Waiting for your tax refund to find its way to your mailbox or into your bank account can be tough if you're strapped for cash and really need the money, or even if you're just looking forward to spending it. You want to know when you can realistically expect to receive it. The IRS provides an online tool that lets you easily check on your refund's status.
There's a procedure for tracking down missing refunds as well if your refund doesn't arrive within the time frame you're expecting.
The "Where's My Refund?" Online Tool
The IRS indicates that it issues most refunds within three weeks if you choose direct deposit and you've e-filed your tax return. Refunds can take six to eight weeks if you file a paper return.
The IRS urges taxpayers to file electronically with direct deposit as soon as they have the information they need. This will help speed refunds during the ongoing public health and economic crisis in 2021.
Go to Where's My Refund? on the IRS website to check the status of your refund. The tool is updated every 24 hours. You'll need some information at your fingertips:
- Your Social Security number or Employer Identification Number as it appears on your tax return
- The filing status you claimed on your return: single, head of household, married filing jointly, married filing separately, or qualifying widow(er)
- The exact refund amount as shown on your tax return
You'll be redirected to a Refund Status Results screen when you plug in this information. This screen should say:
- Return received, or
- Refund approved, or
- Refund sent
You should see an estimated date for deposit into your bank account if your refund has been approved. There should also be a separate date for when you should contact your bank if you haven't received your refund by then.
You can't use the Where's My Refund? tool to get information about your 2020 stimulus check, also referred to as the "economic impact payment." Use the Get My Payment tool instead if you're still expecting one of those checks.
The IRS2Go Mobile App
You can access the Where's My Refund? tool from your laptop or desktop computer, or you can use IRS2Go if you prefer to use your mobile device. This app is available as a free download on iTunes, Google Play, and Amazon. You can use it to:
- Check your refund status
- Make a payment if you owe taxes
- Get free tax guidance
- Retrieve security codes for certain online IRS services
The IRS issued more than 111 million tax refunds in 2019, with the average being $2,869. Overall, more than 150 million individual tax returns were processed.
Calling the IRS
The IRS asks that you don't call to check on your refund status unless it's been at least three weeks (21 days) since you've filed electronically, or six weeks since you've mailed in your paper return, unless the Where's My Refund? tool tells you to do so.
You can access information about your refund on an automated line by calling toll-free at 800-829-1954.
Tracing a Refund Check That's Gone Missing
There's a process in place in case you lose your paper check or if it goes missing. You can ask the IRS to trace it by calling 800-829-1954, or by filling out Form 3911, "Taxpayer Statement Regarding Refund."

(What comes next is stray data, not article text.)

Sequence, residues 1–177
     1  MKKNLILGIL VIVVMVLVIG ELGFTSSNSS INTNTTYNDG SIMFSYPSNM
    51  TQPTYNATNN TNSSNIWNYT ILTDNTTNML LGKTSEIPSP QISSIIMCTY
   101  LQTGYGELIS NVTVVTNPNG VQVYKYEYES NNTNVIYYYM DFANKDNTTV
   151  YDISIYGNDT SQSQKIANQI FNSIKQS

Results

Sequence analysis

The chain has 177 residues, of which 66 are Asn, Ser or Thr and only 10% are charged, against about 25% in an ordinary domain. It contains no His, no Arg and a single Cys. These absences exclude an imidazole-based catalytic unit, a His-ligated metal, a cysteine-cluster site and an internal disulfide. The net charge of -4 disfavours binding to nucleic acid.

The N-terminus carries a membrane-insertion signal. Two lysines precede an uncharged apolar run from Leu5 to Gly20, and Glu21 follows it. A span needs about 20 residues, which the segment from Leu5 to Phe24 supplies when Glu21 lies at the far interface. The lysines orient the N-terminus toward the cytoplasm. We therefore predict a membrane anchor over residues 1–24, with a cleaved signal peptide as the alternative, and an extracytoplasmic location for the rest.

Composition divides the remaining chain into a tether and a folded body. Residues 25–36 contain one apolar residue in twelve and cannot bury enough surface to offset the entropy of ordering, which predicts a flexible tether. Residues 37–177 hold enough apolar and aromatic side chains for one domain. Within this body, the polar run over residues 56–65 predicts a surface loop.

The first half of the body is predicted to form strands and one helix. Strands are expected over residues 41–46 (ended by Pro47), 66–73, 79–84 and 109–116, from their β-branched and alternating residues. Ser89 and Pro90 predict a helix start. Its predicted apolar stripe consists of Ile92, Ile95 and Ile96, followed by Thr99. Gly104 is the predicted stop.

The IRS will determine whether the check was cashed, and it will issue a replacement check if it wasn't. Otherwise, it will create a claims package that includes a copy of the endorsed, cashed check. Following a review of the information, including the signature on the back of the cashed check, the agency will decide whether to issue a replacement check. This process can take about six weeks.
Direct deposit—the electronic transfer of funds directly into your bank account—is the safest way to get your refund. You won't have to worry about a paper check getting lost in the mail, stolen, or misplaced once you have it in hand. But keep in mind that the IRS doesn't allow more than three direct deposits into the same bank account per tax year.
Check with your bank to see whether the refund has been received if you're waiting on a direct deposit, and the anticipated date has passed. Incorrectly entering your bank account number or routing information on your tax return could cause your refund to go astray, so double-check that information. You can request that the deposit be stopped if the refund hasn't yet posted to the IRS system.
The IRS can't compel a bank to redirect refunds that were deposited to the wrong bank account. You might have to pursue the matter with the bank or with the owner of the erroneous account to recover the money, possibly by filing a lawsuit.
What if You Filed an Amended Return?
You might have to amend your tax return if you overlooked a key income statement or forgot to claim a valuable deduction. Amending your return might be necessary to calculate the correct amount of taxes owed or the refund that's due to you. You can still track the refund's status through the IRS website if you file an amended return.
Just plug in your Social Security number, your date of birth, and your zip code. An amended return can take up to three weeks to show up in the IRS system after you send it, and another 16 weeks to process, so you might need to be patient as you wait out the arrival of your refund.